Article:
Parish Church of:
The church of St. Andrew, standing near the site of , and formerly connected with, the ancient Benedictine priory of St Andrew, is a fine edifice of stone, and was till lately one of the oldest in this part of Cornwall, having been built in 1347: but was almost entirely rebuilt, with the exception of the tower, in 1880, at a cost of £3,640, under the direction of Mr Richard Coad, architect of London, when it was re-seated in Pine and oak and new roofed, an organ chamber built, and an organ and screen erected: the original altar slab, incised with five crosses, was discovered and replaced: the church now consists of chancel, nave, south aisle, with an arcade of seven arches supported by massive granite pillars, north transept, south porch, and an embattled western tower consisting of 6 bells, and a clock, placed in the tower in 1887 at a cost of £160: there are two piscina and memorials to Thomas Collins last prior of St. Andrew's Priory, ob. 1539: William Baker.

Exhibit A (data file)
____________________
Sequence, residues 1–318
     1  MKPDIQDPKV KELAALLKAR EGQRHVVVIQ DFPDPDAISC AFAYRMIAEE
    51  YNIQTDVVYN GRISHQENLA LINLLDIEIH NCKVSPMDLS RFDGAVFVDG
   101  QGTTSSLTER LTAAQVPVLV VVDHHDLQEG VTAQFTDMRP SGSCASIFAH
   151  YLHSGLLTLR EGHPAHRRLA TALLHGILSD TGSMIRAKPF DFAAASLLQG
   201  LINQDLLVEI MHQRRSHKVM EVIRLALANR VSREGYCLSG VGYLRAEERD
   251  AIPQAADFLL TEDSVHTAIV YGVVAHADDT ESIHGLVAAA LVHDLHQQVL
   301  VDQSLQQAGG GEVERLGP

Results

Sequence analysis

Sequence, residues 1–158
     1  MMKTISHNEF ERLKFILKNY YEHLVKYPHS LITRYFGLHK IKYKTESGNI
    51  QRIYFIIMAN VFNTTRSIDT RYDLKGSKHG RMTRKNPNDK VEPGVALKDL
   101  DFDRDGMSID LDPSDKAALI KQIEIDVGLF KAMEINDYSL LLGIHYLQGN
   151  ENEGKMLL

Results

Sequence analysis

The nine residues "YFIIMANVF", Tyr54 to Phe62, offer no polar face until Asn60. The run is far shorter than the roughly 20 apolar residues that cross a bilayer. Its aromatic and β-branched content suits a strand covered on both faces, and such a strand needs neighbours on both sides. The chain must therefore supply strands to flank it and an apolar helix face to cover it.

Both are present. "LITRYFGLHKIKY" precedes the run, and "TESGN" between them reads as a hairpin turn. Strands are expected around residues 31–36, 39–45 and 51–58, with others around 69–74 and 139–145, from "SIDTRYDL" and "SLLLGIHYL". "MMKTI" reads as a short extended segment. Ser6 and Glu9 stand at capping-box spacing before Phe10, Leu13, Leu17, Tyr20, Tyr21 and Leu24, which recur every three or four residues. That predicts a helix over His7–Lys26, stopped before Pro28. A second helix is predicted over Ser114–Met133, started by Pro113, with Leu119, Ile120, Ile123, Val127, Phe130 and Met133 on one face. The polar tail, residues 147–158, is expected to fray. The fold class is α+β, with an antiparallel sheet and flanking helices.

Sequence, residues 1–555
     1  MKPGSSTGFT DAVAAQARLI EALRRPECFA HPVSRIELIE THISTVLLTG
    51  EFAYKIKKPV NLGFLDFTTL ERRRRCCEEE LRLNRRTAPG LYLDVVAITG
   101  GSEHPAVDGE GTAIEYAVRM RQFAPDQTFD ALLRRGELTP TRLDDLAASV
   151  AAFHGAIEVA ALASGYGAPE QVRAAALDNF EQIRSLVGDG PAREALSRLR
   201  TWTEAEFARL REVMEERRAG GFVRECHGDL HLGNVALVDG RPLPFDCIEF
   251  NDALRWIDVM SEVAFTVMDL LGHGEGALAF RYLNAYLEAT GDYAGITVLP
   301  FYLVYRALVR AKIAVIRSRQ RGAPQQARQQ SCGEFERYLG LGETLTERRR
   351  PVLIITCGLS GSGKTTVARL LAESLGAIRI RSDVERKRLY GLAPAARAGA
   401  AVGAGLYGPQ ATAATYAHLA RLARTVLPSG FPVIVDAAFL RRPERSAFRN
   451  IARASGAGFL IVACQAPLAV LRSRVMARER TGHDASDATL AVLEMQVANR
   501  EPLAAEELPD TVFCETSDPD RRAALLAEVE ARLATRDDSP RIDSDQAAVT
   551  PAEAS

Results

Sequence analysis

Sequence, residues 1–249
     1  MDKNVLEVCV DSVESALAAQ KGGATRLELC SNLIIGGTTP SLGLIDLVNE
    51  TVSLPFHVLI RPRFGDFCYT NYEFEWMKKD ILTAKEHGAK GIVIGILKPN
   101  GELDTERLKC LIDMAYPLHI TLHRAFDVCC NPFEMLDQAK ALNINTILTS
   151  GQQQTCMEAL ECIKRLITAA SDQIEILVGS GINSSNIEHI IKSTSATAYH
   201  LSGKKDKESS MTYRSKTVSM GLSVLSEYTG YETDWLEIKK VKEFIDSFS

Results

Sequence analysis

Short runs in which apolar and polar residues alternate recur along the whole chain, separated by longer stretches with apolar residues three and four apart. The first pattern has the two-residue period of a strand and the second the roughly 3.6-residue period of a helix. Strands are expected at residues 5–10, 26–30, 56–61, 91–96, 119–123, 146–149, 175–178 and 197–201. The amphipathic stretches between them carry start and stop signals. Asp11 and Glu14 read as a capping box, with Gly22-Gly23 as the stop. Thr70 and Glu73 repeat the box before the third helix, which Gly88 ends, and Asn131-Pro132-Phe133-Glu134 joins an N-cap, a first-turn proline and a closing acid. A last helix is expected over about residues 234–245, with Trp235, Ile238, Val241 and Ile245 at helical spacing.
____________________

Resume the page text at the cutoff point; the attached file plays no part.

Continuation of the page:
of Kilmarth, 1636: to the Rashleigh family, and others: there are 400 sittings: in 1884 an addition was made to the churchyard. The register dates from the year 1642.
The chapel of ease at Tregaminion, 2 miles south by east, was built and endowed by William Rashleigh esq. in 1815, and is an edifice of stone, consisting of chancel, nave and south porch, with sittings for 150 persons.
The Benedctine Priory of St. Andrew founded in this place by A. Cardynham, temp William I. stood in the valley to the south of the church; it was a cell to the monastery of St Sergius at Angers and at the time of the dissolution had seven monks and revenues valued at £123.